VexIQ Sumobot Adventures

I have only just started playing with the VEXIQ system and have discovered some interesting issues. I have previously had to account for the clock cycle of the ‘brain’ and how block code is compiled when using LEGO and Makecode. I have found that these embedded systems don’t care much for nested conditions and don’t like events, in particular.

With VEXcode IQ Blocks, I coded a routine for a SumoBot to reverse and spin at a white line and spin slowly until it detects an opponent; and then charge. With embedded systems, a Loop forever, if..else if nesting is required:

Forever
If sense colour that is greater than 15 (white), then:
Stop driving
Reverse 5cm
Spin around 180 degrees
Else it is black, so
If ultrasonic sensor detects object (distance < 20) then:
drive forward at opponent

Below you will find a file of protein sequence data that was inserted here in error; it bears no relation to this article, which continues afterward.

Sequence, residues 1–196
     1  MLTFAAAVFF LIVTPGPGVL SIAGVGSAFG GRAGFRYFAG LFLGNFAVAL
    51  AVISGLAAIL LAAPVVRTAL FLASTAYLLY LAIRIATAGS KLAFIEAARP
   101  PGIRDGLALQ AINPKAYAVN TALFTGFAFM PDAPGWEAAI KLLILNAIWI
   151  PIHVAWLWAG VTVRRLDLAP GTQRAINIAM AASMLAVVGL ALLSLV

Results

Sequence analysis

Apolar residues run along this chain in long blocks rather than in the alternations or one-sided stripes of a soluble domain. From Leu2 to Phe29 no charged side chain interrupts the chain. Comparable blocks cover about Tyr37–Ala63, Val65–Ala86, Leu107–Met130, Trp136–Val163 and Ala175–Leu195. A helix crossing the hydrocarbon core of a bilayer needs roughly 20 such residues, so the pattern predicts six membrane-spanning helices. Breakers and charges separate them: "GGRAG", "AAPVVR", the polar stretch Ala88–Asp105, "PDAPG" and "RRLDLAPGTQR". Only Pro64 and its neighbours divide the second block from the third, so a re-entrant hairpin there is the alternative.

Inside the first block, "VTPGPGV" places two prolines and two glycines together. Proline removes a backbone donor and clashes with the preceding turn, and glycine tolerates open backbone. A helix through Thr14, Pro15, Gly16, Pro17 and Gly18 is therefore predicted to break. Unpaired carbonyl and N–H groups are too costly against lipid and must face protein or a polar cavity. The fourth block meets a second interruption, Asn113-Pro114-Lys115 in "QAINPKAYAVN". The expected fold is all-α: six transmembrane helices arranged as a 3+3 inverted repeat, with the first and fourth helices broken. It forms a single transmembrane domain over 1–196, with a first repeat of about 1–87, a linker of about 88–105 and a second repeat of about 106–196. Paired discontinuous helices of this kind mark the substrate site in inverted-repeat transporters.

Else spin around slowly until detected

MakeCode

forever(function () {

if (sensors.color3.light(LightIntensityMode.Reflected) > 50) {

motors.stopAll()

motors.largeBC.steer(0, –50, 2, MoveUnit.Rotations)

motors.largeBC.tank(-100, 100)

} else {

if (sensors.ultrasonic4.distance() < 20) {

motors.largeBC.steer(0, 100)

} else {

motors.largeBC.tank(-25, 25)

pauseUntil(() => sensors.ultrasonic4.distance() < 20)

}

}

})

VEXcode IQ Blocks

The issue that I had, when I tested out my code, was that there was a delay between detecting the opponent and charging forward; and so it would hit it at an angle or miss completely. I have found this in the past, with the way the code is compiled and run on the bot and issues with nested if statements. I figured the problem was the ‘wait until’, which should have been fine, or it would have been on an Arduino, anyway. Therefore, I modified the code to include a ‘while’ not statement.

This seems to have made the system much happier, as the results below show.